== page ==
For my book I've been researching the remarkable turnaround of Xerox that was led by Anne Mulcahy. One of the decisions she and her CFO made was to make no financial move that they didn't understand. This is a brilliant executive decision. I would suggest that it is a decision that executives in financial institutions - and the boards that hold them accountable for strategy execution, organizational viability and keeping shareholders whole - should adopt. Actually it's a decision that every CEO and board should be guided by.

But, instead we have companies and boards that choose people to get to the top on the basis of considerations that have less to do with competence and performance (although they would argue otherwise) than they have to do with style and membership. We have a shortage of women at the top - and as several studies have suggested, a related absence of willingness to challenge the ethics of decisions. And we face, yet again, catastrophic failure of these highly compensated men who have brought ruin to the economy and our citizens.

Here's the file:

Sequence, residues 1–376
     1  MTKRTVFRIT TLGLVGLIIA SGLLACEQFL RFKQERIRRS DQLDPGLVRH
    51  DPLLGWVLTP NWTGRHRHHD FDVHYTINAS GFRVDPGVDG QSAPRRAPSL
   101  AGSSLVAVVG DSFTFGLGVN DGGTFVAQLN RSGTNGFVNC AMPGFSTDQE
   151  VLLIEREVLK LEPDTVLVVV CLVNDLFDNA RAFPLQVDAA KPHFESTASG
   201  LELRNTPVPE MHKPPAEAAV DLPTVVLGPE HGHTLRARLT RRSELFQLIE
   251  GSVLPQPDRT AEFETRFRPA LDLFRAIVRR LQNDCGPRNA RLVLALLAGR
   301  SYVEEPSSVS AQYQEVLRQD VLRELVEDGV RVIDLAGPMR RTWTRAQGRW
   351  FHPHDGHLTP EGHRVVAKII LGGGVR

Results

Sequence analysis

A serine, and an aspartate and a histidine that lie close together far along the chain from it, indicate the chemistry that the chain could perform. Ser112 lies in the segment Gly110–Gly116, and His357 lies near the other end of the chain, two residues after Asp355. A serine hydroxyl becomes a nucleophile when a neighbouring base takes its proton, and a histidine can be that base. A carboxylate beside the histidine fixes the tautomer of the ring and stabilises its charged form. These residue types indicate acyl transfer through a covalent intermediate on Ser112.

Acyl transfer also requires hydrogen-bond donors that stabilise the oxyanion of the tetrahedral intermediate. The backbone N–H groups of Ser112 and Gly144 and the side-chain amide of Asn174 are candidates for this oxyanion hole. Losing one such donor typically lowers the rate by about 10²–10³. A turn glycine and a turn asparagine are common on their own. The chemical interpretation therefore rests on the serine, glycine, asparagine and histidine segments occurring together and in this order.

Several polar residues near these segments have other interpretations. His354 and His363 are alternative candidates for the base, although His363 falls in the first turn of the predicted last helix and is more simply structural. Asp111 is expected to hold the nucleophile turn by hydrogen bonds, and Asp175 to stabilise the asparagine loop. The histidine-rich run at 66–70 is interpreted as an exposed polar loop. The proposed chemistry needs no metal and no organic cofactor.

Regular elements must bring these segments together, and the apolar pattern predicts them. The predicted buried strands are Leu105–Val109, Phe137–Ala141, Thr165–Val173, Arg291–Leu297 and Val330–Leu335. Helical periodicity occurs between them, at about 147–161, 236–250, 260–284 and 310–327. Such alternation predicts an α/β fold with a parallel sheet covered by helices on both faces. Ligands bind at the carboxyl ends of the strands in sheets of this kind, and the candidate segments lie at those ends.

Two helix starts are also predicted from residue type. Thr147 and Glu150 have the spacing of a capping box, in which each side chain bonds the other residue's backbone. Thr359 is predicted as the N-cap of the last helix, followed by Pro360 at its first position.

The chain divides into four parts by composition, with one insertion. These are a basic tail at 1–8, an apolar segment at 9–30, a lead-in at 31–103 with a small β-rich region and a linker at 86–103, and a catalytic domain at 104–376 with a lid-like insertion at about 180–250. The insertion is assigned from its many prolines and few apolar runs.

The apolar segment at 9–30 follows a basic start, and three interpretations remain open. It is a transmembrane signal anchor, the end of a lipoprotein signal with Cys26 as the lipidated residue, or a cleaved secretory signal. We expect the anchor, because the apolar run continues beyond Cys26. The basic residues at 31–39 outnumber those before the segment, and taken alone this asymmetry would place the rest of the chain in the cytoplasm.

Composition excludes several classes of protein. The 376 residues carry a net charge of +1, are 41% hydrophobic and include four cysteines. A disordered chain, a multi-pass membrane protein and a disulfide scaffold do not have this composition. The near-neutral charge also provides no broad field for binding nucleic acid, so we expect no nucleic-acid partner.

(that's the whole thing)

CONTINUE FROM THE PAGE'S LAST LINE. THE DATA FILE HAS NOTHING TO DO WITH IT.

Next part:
Of course, I am going to suggest that things have to change and change radically. But, I'm not alone. Again, as reported in the Washington Post (see link above), men are thinking the same.

"There are quite a lot of alpha males with testosterone steaming out their ears," said Stuart Fraser, one of London's top financial sector officials.

"Clearly, something needs to change," said Howard Archer, chief European and U.K. economist at IHS Global Insight in London. "You can argue that the men have made a right mess of it, and now the ladies should have a go."

Now, I disagree that it's gender alone that will make the difference. I believe that the lenses through which competence is viewed have to be cleaned up, the measures by which readiness for promotion have to be rethought and promotion on the basis of "membership" in the "boys club" have to cease in order to get highly qualified women to the top. FORTUNE has found companies that do this. Would that there were more.

Lead On!
Susan Colantuono is CEO of Leading Women. She blogs on networking for PINK Magazine. Follow her on Twitter.

Heading up B Schools

BusinessWeek reports on the increasing numbers of women heading up American business schools. Now up to 17% from 11% in 2002. Way to go!